This month Stuart Ryan goes surf-side as he shows you how to get the cool and groovy vibe of this chilled-out acoustic troubadour.
Born in Hawaii in 1975, Jack Johnson took up guitar at the age of eight and was writing songs before he was a teenager. However, music wasn’t his first calling – he is the son of the famous surfer Jeff Johnson and his childhood and teenage years were spent developing his surfing skills on the professional circuit. But for an accident at the age of 17 things may have taken a different course altogether, and he could have become a surfing superstar instead of a global acoustic success. However, after his accident music was clearly ‘in the pipeline’ and his love for playing grew while he studied at the University of California and played rhythm guitar in a band.
Johnson’s guitar style is quite simple but also quirky and catchy. You’ll hear both strumming and fingerpicking but don’t expect solos as his style is more based around laid-back acoustic songwriting – essentially the guitar is used as a writing and rhythm tool with plenty of interesting ideas contained therein. His influences range from classics like Jimi Hendrix and Bob Dylan to those who formed their music career just before Johnson – Ben Harper, Radiohead and G Love And Special Sauce. Indeed, it was working with the latter in 1999 that led to his big break and Ben Harper contributed to his 2001 debut album Brushfire Fairytales.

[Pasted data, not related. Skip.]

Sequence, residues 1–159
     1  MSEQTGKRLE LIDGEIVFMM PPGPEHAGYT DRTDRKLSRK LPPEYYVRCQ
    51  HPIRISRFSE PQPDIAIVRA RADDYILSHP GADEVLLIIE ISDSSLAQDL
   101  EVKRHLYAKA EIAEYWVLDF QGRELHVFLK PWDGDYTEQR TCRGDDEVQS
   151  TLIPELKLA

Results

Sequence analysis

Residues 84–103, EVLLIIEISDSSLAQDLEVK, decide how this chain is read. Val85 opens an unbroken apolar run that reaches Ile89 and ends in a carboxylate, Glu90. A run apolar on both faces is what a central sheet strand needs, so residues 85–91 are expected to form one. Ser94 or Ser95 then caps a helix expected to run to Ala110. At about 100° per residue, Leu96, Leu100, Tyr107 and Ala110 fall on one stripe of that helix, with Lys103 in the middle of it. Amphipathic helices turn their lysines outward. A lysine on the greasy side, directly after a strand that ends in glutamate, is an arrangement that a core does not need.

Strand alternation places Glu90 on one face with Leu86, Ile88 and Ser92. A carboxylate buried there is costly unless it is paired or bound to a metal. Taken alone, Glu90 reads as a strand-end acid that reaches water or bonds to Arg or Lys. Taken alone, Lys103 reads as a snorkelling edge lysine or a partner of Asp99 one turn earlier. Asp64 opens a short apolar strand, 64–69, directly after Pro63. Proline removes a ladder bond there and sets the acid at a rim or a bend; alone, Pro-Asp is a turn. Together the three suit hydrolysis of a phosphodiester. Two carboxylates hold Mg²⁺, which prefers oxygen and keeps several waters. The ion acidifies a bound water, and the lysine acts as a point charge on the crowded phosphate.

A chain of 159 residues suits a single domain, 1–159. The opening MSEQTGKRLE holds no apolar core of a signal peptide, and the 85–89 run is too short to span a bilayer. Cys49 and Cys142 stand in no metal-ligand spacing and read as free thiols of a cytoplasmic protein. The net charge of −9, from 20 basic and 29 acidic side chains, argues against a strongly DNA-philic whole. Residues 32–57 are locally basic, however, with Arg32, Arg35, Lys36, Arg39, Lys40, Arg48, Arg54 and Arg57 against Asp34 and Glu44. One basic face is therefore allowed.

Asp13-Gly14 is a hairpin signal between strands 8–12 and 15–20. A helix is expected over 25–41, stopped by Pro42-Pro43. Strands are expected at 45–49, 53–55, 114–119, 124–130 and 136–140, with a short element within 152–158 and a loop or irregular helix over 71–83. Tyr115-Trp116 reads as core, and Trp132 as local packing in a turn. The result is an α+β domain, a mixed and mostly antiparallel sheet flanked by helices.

The instrumentation on Johnson’s recordings is often sparse – typically his voice will be backed up by just his acoustic guitar, bass and drums. You’ll find everything from simple open-chord strumming to more challenging barre chord work. Indeed, barre chords are something that many acoustic guitarists tend to overlook (or live in fear of) so I’ve included some Johnson-esque barre chord phrases in this month’s study. If you are new to barre chords or building up strength to focus on them please work through these sections slowly and carefully as it is surprisingly easy to develop wrist and hand-related injuries from excessive barre work - even with a good, modern action.
This month’s piece combines a riff-based idea with some more basic chord work but listen out for the chord changes as Johnson doesn’t always take the predictable route you’ll sometimes hear twists and turns and longer chord sequences than the average I-IV-V pop strummer. As always, ensure you focus on your rhythm and timing as you play through this piece and don’t forget those all essential loud-to-quiet dynamics (a hang-over from grunge). See you next issue.
barre chords are something that many acoustic guitarists tend to overlook (or live in fear of)
NEXT MONTH Stuart examines the acoustic style of Americana legend Dave Matthews
Jack Johnson: he spent life as a pro surfer before going solo as a musician